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Springwell, Gateshead

Springwell Co-Operative Branch

Last Updated:

19 Apr 2024

Springwell, Gateshead

This is a

Co-Operative, Shop

54.921019, -1.554767

Founded in 

1913

Current status is

Extant

Designer (if known):

Percy Lindsay Browne

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Still used as commercial units

To Springwell, and its lovely Cooperative ๐Ÿ˜

Lots and lots of villages, especially those with pits, had their own. Beamish has a very similar one from Annfield Plain - a one stop shop for general goods, supplies, groceries and services at prices affordable to the local populace.

This was in fact a branch of the Windy Nook Cooperative Society, established around the 1870s. This branch was first established in 1892, though the building we see today dates from 1913. It was rebuilt and enlarged at a cost of ยฃ2950 and designed by Mr Percy Lindsay Browne of Newcastle. His specialism was cinemas, and designed the Stockton Globe and The Wallaw at Blyth. The building likely utilises stone quarried in the village, as is the case for much of the settlement.

Upon the rebuild there was 500 members of the branch. The photos show below shows it was later enlarged. It incorporated a hall, where fundraisers and events took place. In 1922, the Womens Co-Operative Guild held a fundraiser for the RVI here, and the National Democratic and Labour Party held meetings in the hall in 1919. The hall was on the first floor. There was also a drapery, shoe department, general grocers and probably a butchers here.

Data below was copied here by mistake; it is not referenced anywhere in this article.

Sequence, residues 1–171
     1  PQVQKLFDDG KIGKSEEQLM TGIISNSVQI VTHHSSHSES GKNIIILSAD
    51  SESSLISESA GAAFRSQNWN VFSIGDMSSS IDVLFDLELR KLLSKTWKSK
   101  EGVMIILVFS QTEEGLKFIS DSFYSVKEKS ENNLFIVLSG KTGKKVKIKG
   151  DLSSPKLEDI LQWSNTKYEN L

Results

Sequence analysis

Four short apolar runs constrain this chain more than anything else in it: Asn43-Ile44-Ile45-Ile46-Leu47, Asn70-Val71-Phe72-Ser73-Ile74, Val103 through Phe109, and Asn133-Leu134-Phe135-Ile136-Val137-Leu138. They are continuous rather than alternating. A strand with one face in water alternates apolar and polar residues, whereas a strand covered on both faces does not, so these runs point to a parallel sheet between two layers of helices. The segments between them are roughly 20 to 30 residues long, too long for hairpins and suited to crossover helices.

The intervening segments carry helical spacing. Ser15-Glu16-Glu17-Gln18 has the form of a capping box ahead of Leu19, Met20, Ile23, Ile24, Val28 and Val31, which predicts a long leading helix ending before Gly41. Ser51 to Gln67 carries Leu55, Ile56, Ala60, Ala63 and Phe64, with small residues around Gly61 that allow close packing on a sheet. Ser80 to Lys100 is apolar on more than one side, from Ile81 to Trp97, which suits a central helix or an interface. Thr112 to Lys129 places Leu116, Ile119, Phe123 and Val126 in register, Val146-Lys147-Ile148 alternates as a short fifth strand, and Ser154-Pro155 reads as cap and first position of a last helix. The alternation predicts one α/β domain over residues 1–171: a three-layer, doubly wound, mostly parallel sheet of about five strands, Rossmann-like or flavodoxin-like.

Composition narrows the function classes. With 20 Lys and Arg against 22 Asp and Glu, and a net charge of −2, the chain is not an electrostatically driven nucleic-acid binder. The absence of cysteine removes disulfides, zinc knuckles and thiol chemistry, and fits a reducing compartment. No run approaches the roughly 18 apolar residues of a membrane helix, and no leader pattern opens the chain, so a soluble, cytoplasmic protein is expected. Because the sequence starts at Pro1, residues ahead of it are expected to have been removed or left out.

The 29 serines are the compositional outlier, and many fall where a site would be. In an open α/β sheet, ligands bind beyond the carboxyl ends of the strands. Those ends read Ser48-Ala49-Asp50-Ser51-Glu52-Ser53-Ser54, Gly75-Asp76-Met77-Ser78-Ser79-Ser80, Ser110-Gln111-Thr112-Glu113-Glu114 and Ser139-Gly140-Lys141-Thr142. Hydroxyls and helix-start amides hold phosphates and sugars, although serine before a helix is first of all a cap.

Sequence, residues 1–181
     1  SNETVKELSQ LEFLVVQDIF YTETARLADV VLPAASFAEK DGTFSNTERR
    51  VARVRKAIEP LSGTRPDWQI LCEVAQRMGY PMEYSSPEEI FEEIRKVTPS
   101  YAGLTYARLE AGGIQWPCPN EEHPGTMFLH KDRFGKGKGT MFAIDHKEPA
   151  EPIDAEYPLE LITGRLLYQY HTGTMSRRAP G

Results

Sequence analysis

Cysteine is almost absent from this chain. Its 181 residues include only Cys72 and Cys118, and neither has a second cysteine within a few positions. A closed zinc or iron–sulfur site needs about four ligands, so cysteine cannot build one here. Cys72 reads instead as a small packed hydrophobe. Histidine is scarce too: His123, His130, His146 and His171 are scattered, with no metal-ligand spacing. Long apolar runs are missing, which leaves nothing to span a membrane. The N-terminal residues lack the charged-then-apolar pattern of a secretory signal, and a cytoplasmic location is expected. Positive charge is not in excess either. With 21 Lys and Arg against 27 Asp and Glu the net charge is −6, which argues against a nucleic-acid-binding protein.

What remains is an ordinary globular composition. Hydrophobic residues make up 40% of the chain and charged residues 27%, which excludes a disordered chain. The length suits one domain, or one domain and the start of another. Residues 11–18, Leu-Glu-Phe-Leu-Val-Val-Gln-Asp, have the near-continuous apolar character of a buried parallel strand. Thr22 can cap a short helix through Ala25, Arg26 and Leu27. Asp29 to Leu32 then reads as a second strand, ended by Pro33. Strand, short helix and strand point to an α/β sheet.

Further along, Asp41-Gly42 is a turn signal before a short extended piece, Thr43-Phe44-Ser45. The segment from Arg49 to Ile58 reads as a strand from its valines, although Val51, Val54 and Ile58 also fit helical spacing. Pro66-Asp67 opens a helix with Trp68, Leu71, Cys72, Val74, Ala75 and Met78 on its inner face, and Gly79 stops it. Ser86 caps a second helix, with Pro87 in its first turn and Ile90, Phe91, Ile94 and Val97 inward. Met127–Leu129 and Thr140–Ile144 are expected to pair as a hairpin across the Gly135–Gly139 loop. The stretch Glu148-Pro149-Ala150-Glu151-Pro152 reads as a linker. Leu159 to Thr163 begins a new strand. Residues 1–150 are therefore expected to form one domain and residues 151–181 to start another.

Nowadays an upholstery firm and construction firm lease the units downstairs.

Listing Description (if available)

Both Ordnance Survey maps here depict the Co-Operative branch opposite Red Row Quarry, where the stone for the building may have been quarried. It was the centre of the fast expanding residential terraces on the north tip of the village, and was a hub of community life. The Perseverance Arms stood next door, since closed, as well as a reading room over the road.

The area is shown a couple of decades before the above Ordnance Survey maps, in the 1890s. This is before it was rebuilt, and was sandwiched between the Perseverance Arms and the Post Office, eventually demolished for the rebuild. The Red Row Quarry was yet to be excavated, though other quarries dotted the settlement.

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The Co-operative branch in 2024

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The branch in the early 20th century. Unknown original source, but uploaded by Raggyspelk http://www.raggyspelk.co.uk/washington_pages/selections5/john_robson_journal_02.html

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Before enlargement of the branch in the 1910s. The large arch window remains as seen on the shots above. Source: Unknown original source.

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